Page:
“Swipe-fee” relief avoids delay in Senate
Retail associations are celebrating the defeat of a measure that would have delayed new rules governing "swipe fees" for certain card transactions at the retail point of sale.
The National Lumber and Building Material Dealers Association was among those applauding the defeat of a proposal by Sen. Jon Tester (D-Mont.) and Sen. Bob Corker (R.-Tenn.).
"Out-of-control swipe fees on transactions have been yet another cost burden on building material dealers who are struggling to remain afloat in this housing recession," said Scott Lynch, NLBMDA executive VP. "We are pleased that the Senate wisely chose not to further delay this much-needed relief."
The Food Marketing Institute’s senior VP government relations, Jennifer Hatcher, called the delay proposal a move that would have been bad for business. "The Tester-Corker language [would have removed] any guarantee that Main Street America will ever see relief from rising debit card swipe fees, and we hope our U.S. senators will recognize this when the Tester-Corker amendment vote is called," Hatcher said. The amendment, which would have delayed new swipe-fee rules by 12 months, was defeated by a vote of 54-45, with a 60-vote super majority needed for passage
As it stands, more retailer-friendly swipe-fee rules will go into effect July 21. The Federal Reserve Board plans to limit fees to 2% of the transaction for small banks and financial institutions, and a flat 12-cent cap for the largest banks. The NLBMDA said it supports the new rules, describing them "as an important move to reign in costs for building material dealers and other retailers."
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Dunn-Edwards introduces new “hybrid” enamel paint
Dunn-Edwards, the Los Angeles-based paint and sundries line, has introduced a premium interior enamel product line that has the performance and appearance of traditional oil-based paint but cleans up with soap and water.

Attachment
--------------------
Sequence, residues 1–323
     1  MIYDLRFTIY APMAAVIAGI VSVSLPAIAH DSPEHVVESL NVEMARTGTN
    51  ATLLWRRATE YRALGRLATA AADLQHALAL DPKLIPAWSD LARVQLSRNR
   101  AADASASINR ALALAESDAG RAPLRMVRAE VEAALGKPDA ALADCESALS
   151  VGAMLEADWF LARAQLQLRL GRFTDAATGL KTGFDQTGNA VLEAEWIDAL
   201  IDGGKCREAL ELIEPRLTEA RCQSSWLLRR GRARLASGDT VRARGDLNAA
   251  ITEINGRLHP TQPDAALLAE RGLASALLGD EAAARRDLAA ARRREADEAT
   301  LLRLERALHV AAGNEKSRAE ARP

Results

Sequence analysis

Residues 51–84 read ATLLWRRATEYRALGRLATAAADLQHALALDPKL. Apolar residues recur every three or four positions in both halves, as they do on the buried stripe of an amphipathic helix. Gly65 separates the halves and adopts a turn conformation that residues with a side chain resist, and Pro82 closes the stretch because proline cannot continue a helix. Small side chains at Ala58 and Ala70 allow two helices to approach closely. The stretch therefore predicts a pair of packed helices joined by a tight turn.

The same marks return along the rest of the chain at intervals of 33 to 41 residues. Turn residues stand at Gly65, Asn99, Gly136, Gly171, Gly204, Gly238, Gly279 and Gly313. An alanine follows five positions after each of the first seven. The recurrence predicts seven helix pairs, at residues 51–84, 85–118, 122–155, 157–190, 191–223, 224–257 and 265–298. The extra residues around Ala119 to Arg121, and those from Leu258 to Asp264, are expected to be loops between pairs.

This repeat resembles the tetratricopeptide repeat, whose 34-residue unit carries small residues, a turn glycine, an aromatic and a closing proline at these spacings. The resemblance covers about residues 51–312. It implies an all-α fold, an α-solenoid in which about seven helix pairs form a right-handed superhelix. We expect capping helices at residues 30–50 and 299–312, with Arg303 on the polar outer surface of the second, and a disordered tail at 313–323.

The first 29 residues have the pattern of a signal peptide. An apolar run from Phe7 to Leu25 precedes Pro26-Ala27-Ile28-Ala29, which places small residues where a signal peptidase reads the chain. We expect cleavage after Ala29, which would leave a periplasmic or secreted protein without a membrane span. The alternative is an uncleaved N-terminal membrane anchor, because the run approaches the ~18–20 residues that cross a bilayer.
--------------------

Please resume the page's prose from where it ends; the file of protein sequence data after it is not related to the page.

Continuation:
Called Aristowall, the gloss and semi-gloss paint is a water-oil hybrid product designed for interior walls, trim, molding, cabinets, doors, kitchens, baths and high-traffic areas. It uses waterborne alkyd technology, according to Terry Chi, product manager. “The end result is a surface that looks like glass,” she said.
Like all other Dunn-Edwards products, Aristowall is ethylene glycol (EG)-free, low-VOC at 50 grams/liter, and has very low odor both during and after application.
Dunn-Edwards operates 109 stores in California, Arizona, Nevada, New Mexico and Texas. It is one of the nation’s largest independent manufacturers and distributors of architectural paints and painting supplies.
I am a contractor in fresno
I am a contractor in fresno ca. and iv’e been using aristowall on all my projects for doors and casings, all trim and cabinets. it dries hard like a oil base and has excellent adhesion and blocking abilities and does not stay sticky like most latex acrylic paints, so therfore doors do not stick to door jams when closed. if it is to be used over an existing oil based paint the surface must be properly prepared for good adhesion and primed.this is an excellent product and dunn edwards did there homework. the guy that had the bad results in the other post must not have done the prep. properly for cabinet re-painting. painting cabinets is like painting a car( alot of prep.) to do it right..
Hi, this is Terry Chi,
Hi, this is Terry Chi, Product Manager, from Dunn-Edwards, we regret the experience you had with our product. We will have a rep reach out to you right away to see if we can resolve the issue.
First time user and unhappy
First time user and unhappy with the drying time, after five days cabinets are still soft enough to use your finger nails and scrap off! Customer purchased paint under my recommendation as I was told by salesman this fine to use on kitchen cabinets! I'm pissed off! p.s. will be looking for another paint company for more challenging applications meanwhile i've contacted my field rep to see what he says, client also wants him to pay her a visit. WE WILL SEE WHAT HAPPENS NEXT!
FrogTape’s painting pro offers tips
FrogTape, a division of Avon, Ohio-based ShurTech Brands, is promoting its painter’s tape with the help of a professional painter — Dan Brady of Traverse City, Mich.-based Dan Brady Painting & Wood Restoration.
"When you’re painting a deep color into white trim, I don’t care how steady your hand is, it helps to have a tape that doesn’t bleed," said Brady.
Common mistakes of DIYers engaged in painting projects, he said, include:
• Failing to perform sufficient prep work;
• Taping too close to the corner of a wall — painters should leave a 1/16-in. gap, instead of trying to apply it flush against the other wall;
• Clean surface throroughly, especially if there is a waxy buildup, when applying painter’s tape;
• Remove painter’s tape when the paint is still wet, not after it has dried.
The product Brady promotes — FrogTape — is made with a liquid-blocking polymer called PaintBlock Technology designed to prevent bleeding.
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